That is true for older cars without rebuilt engines. If it's rebuilt,
start and stay with detergent oil. The problem is in an old engine they
are counting on a buildup of sludge and varnish, which actually helps
the rings seal and give it good compression. Change to detergent oil
and it cleans away the sludge, reducing compression, then it doesn't run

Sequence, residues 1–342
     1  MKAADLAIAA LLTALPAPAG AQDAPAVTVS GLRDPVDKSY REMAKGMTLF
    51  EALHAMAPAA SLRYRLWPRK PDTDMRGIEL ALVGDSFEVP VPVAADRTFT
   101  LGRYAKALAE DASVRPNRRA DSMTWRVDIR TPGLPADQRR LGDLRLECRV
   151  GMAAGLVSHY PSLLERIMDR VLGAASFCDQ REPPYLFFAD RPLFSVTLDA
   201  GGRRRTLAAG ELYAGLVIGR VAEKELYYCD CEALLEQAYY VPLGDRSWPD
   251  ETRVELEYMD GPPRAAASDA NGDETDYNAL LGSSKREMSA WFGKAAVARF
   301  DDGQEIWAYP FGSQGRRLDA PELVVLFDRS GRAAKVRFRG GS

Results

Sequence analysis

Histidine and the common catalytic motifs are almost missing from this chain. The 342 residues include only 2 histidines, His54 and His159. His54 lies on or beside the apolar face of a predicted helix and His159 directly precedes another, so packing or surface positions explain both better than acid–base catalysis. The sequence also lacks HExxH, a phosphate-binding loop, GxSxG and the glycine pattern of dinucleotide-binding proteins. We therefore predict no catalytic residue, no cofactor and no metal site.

Motor oils usually contain detergent. And detergent makes it easier for the
oil to absorb water. This isn't a problem in cars, where it gets good and
hot each time it's run. But in a cold application like a compressor, it can
absorb and hold the water.
If it's small enough and you have the space you could put it in a
heated area during cold weather. If that's not practical, check the
owners manual for cold weather oil recommendations. IME most
compressors call for straight 30 weight oil, often non-detergent.
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